THERE ARE A RANGE OF PRE-PEP OPTIONS TO CHOOSE FROM EXPLAINS Sebastian Hepher, HEADMASTER OF EATON SQUARE SCHOOL
The debate over whether our children should follow an independent preparatory education or go to the local primary school is nothing new. It will, no doubt continue for as long as there are the two options available.
What is less discussed, however, is whether to send your children to a standalone pre-pep after their nursery years, or wait until they are eight years old before joining the prep system or choose a pre-pep that is affiliated to a prep school, where the transition is regarded as more “seamless”.
WHAT IS A PRE-PREP SCHOOL?
Pre -preps traditionally begin in Reception at four years old, and usually run until the end of Year Three when they all leave to join the next stage: prep school. However, advent of the Seven Plus in recent years has shortened the pre-prep experience for some still even further. In pre-prep, pupils often follow an accelerated curriculum where they are put through their paces earlier. At the end of the process all the pupils must move on, either to a new school or to Year Four in the same institution.
Here lies the quandary. Should parents look to a stand alone pre-pep for their child or one that is part of a prep school, which runs until the pupils are 11(mainly for girls) or 13 years old?
“ TAKE TIME TO UNDERSTAND YOUR CHILD TO FIND WHICH STYLE OF PRE-PREP WILL SUIT”
WHAT SUITS YOUR CHILD?
There are many factors to consider. Not all pupils are suited to a pre-pep system that relies on exam- based exit when the children are eight. Many are, quite simply, not ready yet. The pace of curriculum and expectation is inappropriate for some and may leave a child with dented confidence and loss of self- belief, with parents frantically searching for a place in late January. These impressions are often indelibly etched into the pupil’s psyche, which is a high price to pay if there are alternatives. And yet, it must be acknowledged, the more mature and able pupils thrive and feed off the advanced programme of study and they, therefore gain entry into highly academic schools. For these boys and girls the experience is invaluable.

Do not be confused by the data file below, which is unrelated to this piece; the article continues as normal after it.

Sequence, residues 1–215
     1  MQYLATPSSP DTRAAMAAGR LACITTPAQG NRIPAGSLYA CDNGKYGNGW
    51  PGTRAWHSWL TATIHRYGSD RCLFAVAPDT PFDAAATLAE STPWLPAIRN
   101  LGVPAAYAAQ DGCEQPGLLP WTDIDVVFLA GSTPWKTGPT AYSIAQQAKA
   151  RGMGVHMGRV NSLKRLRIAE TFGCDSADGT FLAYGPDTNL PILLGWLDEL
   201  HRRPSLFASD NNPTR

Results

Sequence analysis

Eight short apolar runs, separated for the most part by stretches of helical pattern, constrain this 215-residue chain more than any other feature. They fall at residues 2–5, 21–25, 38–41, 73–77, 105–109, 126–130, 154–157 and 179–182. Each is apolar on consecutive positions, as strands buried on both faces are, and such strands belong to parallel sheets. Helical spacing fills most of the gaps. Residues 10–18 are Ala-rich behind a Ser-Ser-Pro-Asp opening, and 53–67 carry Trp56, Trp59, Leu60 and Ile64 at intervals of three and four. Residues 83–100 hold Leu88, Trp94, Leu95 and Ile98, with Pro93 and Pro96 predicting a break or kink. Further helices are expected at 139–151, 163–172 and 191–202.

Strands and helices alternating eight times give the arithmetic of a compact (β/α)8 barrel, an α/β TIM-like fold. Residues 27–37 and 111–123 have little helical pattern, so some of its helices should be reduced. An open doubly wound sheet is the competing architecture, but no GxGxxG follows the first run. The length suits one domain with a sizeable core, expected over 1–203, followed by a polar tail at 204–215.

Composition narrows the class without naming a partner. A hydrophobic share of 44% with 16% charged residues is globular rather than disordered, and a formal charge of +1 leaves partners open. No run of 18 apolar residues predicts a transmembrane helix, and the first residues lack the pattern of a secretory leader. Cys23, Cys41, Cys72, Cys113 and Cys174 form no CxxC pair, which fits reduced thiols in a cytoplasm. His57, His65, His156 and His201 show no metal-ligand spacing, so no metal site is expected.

A pre-prep that is part of a larger school, however, offers something very different. The curriculum tends to move at a rate that neatly ties into that of the senior school, and therefore is usually more steadily paced with the end goal much further away. The principal benefit of this system is that all pupils can move through the ranks as their ability dictates. Where there is also a nursery in a school, the advantages of a longer association with the same institution allows for the needs of the individual to be met.
A UNIQUE EXPERIENCE
A pre-pep, irrespective of which is chosen, provides a unique experience, which should bring much to each pupil. However, parents need to take the time to understand their children and assess which style of pre-pep will suit them. They should not be swayed by name of pedigree, but rather influenced by a child’s needs, information provided by the current nursery and, of course, their own impressions. When a measured decision is reached, a successful, happy pre-pep experience will follow.